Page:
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|Jean-Francois at the Counter|
Mr. Antony is known for supplying only very well-rated French restaurants with his wares, including a world-famous four-year old Comté. He limits his clientele to a few select chefs, including Alain Ducasse, Pierre Gagnaire, Alain Passard and Alain Senderens. The walls of his humble little shop are lined with framed letters of thanks from numerous dignitaries, including President Sarkozy and his wife, Carla, and documentation of numerous honors he's received during his three decades in this line of work. There is a rumor that the town of Vieux Ferrette (population 561) built a landing strip just so various Middle Eastern sheiks could fly in to buy their elevated cheeses, and then fly home. I don't doubt the story.
Among other things, we bought an excellent, almost caramely aged Mimolette with a slight corona (not pictured). We also purchased: (1) a downy rind Camembert made from raw, unfiltered cow's milk, shown in the upper left of the photo; (2) a sharp unpasteurized sheep's milk Valencay, fairly crumbly and probably still fairly young; (3) a nutty, raw milk Reblochon with a uniform moldy rind; (4) a stinky, very runny and highly enjoyable Epoisse; (5) what I think was a Saint Nectaire; (6) a Maroilles; and (7) a well ripened, assertive Munster.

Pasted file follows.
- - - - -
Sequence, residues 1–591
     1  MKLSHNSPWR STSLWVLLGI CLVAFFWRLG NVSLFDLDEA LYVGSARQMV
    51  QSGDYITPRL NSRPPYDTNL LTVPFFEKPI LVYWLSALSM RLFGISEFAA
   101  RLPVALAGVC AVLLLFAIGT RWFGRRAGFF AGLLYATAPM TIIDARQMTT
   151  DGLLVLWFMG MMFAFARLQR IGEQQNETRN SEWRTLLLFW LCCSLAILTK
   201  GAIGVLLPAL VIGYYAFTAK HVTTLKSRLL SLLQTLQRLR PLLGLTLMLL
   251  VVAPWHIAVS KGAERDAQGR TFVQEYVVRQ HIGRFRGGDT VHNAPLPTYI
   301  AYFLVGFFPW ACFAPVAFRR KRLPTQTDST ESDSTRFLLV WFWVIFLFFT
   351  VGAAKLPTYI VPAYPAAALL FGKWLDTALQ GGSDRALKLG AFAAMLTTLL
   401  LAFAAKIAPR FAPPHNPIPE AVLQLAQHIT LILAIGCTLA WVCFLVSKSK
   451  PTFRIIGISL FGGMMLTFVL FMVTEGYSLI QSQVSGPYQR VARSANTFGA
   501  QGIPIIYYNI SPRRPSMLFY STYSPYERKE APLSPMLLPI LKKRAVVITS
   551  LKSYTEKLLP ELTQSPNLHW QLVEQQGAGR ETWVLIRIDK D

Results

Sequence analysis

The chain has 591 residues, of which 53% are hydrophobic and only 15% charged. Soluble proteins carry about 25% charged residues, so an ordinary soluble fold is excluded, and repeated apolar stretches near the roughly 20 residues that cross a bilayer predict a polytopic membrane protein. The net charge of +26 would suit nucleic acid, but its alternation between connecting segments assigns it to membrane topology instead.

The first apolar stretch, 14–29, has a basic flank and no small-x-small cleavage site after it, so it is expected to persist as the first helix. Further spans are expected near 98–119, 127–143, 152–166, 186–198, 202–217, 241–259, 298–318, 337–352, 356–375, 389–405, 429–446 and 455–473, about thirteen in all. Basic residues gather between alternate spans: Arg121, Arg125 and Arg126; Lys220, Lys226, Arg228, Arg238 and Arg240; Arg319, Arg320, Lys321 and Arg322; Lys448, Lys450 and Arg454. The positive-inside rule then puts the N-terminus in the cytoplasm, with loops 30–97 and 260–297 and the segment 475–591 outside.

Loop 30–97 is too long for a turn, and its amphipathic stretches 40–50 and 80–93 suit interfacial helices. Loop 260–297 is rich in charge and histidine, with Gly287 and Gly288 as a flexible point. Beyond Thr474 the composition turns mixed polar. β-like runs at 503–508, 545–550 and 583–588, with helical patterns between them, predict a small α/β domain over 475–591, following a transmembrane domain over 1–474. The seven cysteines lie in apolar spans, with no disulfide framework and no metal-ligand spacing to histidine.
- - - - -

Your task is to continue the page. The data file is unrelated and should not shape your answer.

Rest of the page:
All of these cheeses, except the Mimolette, were made from raw milk and about a million times more flavorful than cheeses sold by the same name in the United States. Part of the difference is attributable to the fact federal law in the U.S. prohibits raw milk cheeses younger than 60 days from being offered for sale. (These restrictions may become even more stringent: The Food and Drug Administration is currently reviewing guidelines for raw milk cheeses and some fear it may ban raw milk cheeses altogether.) Many cheese lovers believe that unpasteurized cheeses better express the terroir; Mr. Antony has famously compared pasteurizing cheese to castration. It would be a real shame if ordinary Americans never have a chance to experience these sorts of delights. I am certain that anyone who has tried an Antony-aged cheese would never voluntarily eat a Kraft cheese product, ever again.
Final note: If you can't take any cheese with you (i.e. because of irksome import restrictions into your home country), note that the fromagerie has a tasting room, where you can reserve a spot at a six course cérémonie de fromages with Mr. Antony on Thursdays, Fridays and Saturdays.